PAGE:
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I Like Them to Learn Early

Local municipalities in Pennsylvania are preempted from enforcing any ordinance relating to guns. This is pretty well-established under our law. But that doesn’t stop them from passing ordinances, and a popular thing to do is for Boards and Councils to use their positions to lobby state lawmakers to let them have a go at gun regulation, or lobbying on behalf of some legislation or another that the majority of the Board or Council would like to see. It’s like what we do, only they get to do it with taxpayer dollars.

On a rumor, I dragged a bunch of club people out our township meeting with the belief that they might try to pass something like they did after the Vegas shooting. It was shot down after Vegas, because the three Republican Supervisors could outvote the two Dems. However in November, the Dems flipped a seat, and took control of the Board. The Dems this time were assuring members who e-mailed that no gun issue was on the agenda, and they would be taking no action. Even though they are preempted, I like my politicians to learn early about the gun voter. Also, getting them on the record is helpful if they try to run for higher office.

Last night we get through most of the meeting and nothing comes up. Good, that’s victory. But now I’m worried about having a dozen or so people questioning why I dragged them out to a meeting to hear a retirement speech, watch a few appropriations votes, and hear the Chief of Police give his report. Then, at the end, right before adjournment, the big anti-gun Dem on the Board decides he can’t help himself and opens his yap. Wonderful! Thanks for pulling my ass from the fire there! I was starting to worry they might begin to think I cry wolf, and I won’t be able to rally troops the next time I need them. But then again, if he had let the meeting just adjourn, he probably wouldn’t have gotten hisself in the papers.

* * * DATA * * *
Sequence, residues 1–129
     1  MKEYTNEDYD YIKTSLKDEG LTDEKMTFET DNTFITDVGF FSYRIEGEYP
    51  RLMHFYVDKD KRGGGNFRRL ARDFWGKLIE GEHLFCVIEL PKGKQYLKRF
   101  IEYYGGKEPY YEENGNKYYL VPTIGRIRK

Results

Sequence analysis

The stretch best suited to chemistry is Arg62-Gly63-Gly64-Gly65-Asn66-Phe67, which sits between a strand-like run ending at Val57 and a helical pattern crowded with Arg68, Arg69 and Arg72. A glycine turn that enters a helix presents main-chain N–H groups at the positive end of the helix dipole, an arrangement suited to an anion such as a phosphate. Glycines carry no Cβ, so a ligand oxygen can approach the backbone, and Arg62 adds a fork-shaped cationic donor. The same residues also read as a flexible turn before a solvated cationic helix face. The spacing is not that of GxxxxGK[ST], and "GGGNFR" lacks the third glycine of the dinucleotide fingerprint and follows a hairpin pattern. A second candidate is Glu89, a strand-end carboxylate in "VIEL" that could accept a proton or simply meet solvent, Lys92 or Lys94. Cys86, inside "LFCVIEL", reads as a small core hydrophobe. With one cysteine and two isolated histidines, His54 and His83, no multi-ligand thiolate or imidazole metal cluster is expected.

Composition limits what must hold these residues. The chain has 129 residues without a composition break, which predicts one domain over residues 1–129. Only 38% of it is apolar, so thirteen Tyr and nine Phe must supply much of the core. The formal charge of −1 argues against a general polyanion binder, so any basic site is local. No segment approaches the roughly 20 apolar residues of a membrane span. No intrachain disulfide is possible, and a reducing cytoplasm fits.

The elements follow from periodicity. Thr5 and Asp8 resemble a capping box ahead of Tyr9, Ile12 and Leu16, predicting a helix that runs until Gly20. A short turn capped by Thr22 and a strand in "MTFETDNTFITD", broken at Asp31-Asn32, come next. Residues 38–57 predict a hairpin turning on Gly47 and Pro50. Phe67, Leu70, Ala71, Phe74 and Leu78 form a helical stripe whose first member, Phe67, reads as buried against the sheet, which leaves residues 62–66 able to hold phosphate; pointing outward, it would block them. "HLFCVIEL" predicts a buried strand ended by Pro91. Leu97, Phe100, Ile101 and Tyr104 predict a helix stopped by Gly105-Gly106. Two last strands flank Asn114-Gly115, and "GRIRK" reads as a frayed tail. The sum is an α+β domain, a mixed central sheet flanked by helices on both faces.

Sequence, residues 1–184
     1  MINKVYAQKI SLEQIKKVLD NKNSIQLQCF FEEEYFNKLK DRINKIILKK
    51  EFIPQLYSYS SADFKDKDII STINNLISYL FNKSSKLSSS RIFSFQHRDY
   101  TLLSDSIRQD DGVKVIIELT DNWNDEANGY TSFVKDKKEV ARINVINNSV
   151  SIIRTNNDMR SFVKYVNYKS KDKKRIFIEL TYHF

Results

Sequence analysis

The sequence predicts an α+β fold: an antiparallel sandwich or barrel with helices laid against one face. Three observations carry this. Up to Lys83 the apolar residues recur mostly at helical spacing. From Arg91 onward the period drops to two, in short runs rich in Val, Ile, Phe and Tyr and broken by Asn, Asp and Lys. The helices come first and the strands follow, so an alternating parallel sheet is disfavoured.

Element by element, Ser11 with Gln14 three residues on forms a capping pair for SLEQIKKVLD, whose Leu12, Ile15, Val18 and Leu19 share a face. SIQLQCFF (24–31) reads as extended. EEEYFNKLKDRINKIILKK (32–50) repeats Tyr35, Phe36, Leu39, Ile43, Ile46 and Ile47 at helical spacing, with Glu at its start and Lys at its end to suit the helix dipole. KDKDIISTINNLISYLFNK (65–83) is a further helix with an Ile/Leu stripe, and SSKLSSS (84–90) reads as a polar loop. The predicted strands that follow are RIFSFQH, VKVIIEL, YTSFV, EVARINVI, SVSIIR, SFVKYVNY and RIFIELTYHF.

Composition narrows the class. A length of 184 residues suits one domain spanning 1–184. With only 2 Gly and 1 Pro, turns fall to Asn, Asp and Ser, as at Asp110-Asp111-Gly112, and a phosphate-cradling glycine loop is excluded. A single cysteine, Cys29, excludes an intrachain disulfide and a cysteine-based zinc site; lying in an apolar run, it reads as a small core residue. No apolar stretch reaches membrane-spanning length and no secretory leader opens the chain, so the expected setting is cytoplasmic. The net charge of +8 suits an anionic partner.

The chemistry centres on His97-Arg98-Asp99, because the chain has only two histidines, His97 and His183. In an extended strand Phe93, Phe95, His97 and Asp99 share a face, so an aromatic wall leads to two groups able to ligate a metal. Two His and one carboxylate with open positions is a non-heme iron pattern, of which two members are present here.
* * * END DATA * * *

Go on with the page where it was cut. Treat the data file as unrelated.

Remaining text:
Seen on the Book O’ Face

This could pretty much sum up what we’re all seeing on social media lately:

Well, I don’t know about you guys, but her well reasoned post wishing for my brutal murder totally makes me want to give up my guns!

All I can say is that in 2018, get out and vote. I’m pissed off that the GOP hasn’t done anything either, but I’ll take nothing over rewarding people for this kind of behavior by putting them back in power.

Clever Framing on the Part of Bloomberg

Bloomberg’s bought and paid for propaganda wing has an article on firearms lost during shipping. No one, of course, wants to see firearms end up in the hands of people who would misuse them. But notice what they focus on:

Security experts said the new rules were likely too weak to capture the extent of the problem, and that shipping companies might avoid disclosing guns lost in transit in hopes of warding off negative publicity